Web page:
As student loan rates double, Congress fails to act
by Martin Schram
Columnist
July 03, 2013 11:19 PM | 713 views | 0 0 comments | 43 43 recommendations | email to a friend | print
In a bipartisan act of calculated inaction and willful indifference, the Democrats and Republicans who run Congress passively allowed a key student loan interest rate for low- and middle-income students to double.

The senators and representatives weren’t around for the fallout, of course — they’d already dashed out of town for their Fourth of July vacations. An estimated 7 million low- and middle-income students receive these so-called subsidized Stafford loans each year. They represent a quarter of all student loan recipients. Last year, the 3.4 percent interest rate on those loans was extended for one year so Congress could reach a compromise solution.

But of course, this Congress couldn’t compromise itself out of a burning building — so, on July 1, the rate soared to 6.8 percent. Now those who can least afford it must pay twice as much in interest as those who got their loans before the end of June.

Depending on how much a student borrows, the estimated cost of a four-year college education could increase by anywhere from $1,000 to the $4,500 projected by Congress’ Joint Economic Committee.

This would require low- and moderate-income students to pay 6.8 percent interest rates at a time when folks with excellent jobs and excellent credit are getting mortgages for, say, 3.9 percent and buying a new car with a zero-percent interest loan. Also at a time when tuition costs are soaring and families are scrimping so their children will be able to go to college.

As the senators and representatives skedaddled out of town without acting on the loans, President Barack Obama’s familiar voice of compassion was missing. We didn’t hear Obama demanding loudly that Congress do the decent thing by simply extending the discounted Stafford loan interest rate until a permanent deal could be done.

Perhaps his silence was due to the political laryngitis that often plagues Washington. After all, this political war isn’t your typical battle of Blues versus Reds.

Democrats are mainly battling Democrats, much to the bemusement of Republicans. Conservative Republicans are at odds with conservative Republicans, much to the merriment of Democrats. The Republican-run House passed a proposal that would tie future subsidized Stafford loans to market-based rates. A number of Republican senators are pushing a similar proposal. And — here’s what rankles a number of progressive Democrats — Obama also offered a market-based plan in his 2014 budget. While Obama would lock in rates for the lifetime of the student loans, the GOP House plan would allow rates to climb year by year.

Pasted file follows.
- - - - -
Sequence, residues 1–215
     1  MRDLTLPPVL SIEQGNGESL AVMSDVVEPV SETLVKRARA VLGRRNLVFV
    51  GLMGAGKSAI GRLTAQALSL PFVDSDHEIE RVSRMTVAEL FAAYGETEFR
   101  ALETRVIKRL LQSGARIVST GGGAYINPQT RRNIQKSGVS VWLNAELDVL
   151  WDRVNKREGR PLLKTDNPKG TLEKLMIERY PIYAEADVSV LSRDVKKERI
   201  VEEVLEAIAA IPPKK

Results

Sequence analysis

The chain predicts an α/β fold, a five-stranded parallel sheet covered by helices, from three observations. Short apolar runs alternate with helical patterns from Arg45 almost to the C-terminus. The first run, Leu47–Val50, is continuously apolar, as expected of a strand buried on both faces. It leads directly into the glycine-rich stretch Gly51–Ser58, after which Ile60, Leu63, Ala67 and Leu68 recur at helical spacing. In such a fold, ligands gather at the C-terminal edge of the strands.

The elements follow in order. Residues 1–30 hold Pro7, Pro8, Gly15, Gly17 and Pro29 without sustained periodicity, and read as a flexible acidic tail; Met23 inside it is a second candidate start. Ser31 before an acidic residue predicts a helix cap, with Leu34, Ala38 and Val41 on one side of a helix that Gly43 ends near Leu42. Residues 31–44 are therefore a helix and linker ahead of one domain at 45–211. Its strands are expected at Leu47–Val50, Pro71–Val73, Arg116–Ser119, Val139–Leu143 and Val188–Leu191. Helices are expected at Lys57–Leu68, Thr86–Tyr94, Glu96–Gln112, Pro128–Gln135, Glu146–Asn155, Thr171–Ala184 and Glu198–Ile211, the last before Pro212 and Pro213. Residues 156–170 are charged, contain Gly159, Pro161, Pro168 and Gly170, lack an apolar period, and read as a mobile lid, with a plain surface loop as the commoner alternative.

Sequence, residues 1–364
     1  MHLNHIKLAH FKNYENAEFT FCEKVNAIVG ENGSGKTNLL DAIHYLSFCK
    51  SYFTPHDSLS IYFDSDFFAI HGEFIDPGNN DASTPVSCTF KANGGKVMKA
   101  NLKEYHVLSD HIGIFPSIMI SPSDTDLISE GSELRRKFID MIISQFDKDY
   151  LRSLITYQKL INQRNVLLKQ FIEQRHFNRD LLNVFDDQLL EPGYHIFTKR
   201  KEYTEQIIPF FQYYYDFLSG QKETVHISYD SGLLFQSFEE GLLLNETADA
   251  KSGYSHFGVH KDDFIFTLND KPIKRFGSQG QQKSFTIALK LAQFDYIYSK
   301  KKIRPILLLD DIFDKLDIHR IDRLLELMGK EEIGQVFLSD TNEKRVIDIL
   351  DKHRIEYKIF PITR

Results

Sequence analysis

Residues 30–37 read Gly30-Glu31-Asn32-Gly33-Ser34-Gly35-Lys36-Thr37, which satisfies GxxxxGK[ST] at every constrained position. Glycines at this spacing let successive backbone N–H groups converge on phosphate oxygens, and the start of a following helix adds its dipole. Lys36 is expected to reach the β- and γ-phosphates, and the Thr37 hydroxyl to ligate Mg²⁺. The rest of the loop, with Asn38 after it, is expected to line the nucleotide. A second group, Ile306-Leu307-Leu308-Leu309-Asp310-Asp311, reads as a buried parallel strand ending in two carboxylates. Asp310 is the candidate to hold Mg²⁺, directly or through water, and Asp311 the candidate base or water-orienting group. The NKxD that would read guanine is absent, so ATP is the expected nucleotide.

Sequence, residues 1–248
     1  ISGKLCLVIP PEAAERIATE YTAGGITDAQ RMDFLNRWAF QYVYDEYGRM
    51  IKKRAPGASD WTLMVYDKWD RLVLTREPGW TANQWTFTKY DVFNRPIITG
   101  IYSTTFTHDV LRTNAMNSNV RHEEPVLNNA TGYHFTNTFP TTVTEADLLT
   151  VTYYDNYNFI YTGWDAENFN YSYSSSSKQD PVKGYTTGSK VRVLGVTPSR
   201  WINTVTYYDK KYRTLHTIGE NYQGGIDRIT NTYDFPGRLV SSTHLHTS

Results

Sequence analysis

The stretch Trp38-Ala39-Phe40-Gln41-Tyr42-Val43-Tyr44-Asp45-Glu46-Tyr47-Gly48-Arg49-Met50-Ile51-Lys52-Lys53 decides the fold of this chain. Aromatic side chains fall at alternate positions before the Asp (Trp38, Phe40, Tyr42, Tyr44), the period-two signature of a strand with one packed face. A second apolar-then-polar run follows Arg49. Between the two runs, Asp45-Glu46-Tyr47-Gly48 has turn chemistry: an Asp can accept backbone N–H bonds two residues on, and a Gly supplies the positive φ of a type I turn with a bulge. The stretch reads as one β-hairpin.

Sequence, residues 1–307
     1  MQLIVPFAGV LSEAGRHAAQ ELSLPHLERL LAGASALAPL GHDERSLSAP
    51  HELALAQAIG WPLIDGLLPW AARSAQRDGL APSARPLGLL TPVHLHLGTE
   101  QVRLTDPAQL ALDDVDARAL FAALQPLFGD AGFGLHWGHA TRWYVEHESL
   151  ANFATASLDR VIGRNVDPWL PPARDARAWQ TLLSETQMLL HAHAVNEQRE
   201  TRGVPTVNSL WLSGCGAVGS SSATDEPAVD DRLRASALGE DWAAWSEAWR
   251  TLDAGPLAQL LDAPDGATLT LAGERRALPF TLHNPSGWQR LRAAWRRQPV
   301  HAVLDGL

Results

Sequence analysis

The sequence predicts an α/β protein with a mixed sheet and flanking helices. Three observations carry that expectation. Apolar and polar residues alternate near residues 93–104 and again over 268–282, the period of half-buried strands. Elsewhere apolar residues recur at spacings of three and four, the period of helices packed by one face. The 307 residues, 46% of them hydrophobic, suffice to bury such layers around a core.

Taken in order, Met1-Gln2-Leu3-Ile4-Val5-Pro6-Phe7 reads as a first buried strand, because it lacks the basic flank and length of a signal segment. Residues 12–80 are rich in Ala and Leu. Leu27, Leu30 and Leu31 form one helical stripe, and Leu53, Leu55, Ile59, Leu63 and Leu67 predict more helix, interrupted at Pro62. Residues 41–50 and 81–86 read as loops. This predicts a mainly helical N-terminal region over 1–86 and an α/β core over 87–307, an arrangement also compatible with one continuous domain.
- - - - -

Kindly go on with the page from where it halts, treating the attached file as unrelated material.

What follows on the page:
Now this: Sen. Elizabeth Warren (D-Mass.), a progressive clarion, has proposed a very different market-based plan. She wants to peg interest rates for subsidized Stafford student loans to the Federal Reserve’s discount rate — presently just 0.75 percent. She cites a Congressional Budget Office report saying the federal government will make $51 billion from all student loans this year, not just the subsidized ones. That’s more than the annual profit of any Fortune 500 company.

This gets us to an outcome that seems both mindless and heartless. The new interest payments, forced upon already overburdened students, would add hundreds of millions of dollars in federal revenue.

“We should not be profiting from students who are drowning in debt while we are giving great deals to big banks,” Warren and Rep. John Tierney (D-Mass.) wrote in a recent Boston Globe op-ed column. They are right, of course.

Meanwhile, Washington’s smart set is all a’Twitter about how Congress will eventually make a deal. And a born-again reduction in the Stafford interest rate will surely be made retroactive. So the neediest students need not worry, after all.

We haven’t had an assurance so comforting since the summer 2011, when Congress winked as it enacted an automatic budget “sequester” provision. Just to force responsible spending cuts, of course. The Capital cognoscenti assured us back then that Congress would never — no, never — allow the dreaded sequestration to happen.

Today, the sequester sometimes seems to be all that is working in Washington.

CORRECTION: In last week’s column, I erroneously identified Republican political strategist Karl Rove as the founder of Citizens United, the conservative political action committee that won a landmark Supreme Court decision. Rove is not connected with Citizens United. Instead, he founded American Crossroads, another organization that makes independent political expenditures and has benefited from the court decision. The court issued its ruling in 2010, not in 2008.

Martin Schram writes political analysis for Scripps Howard.

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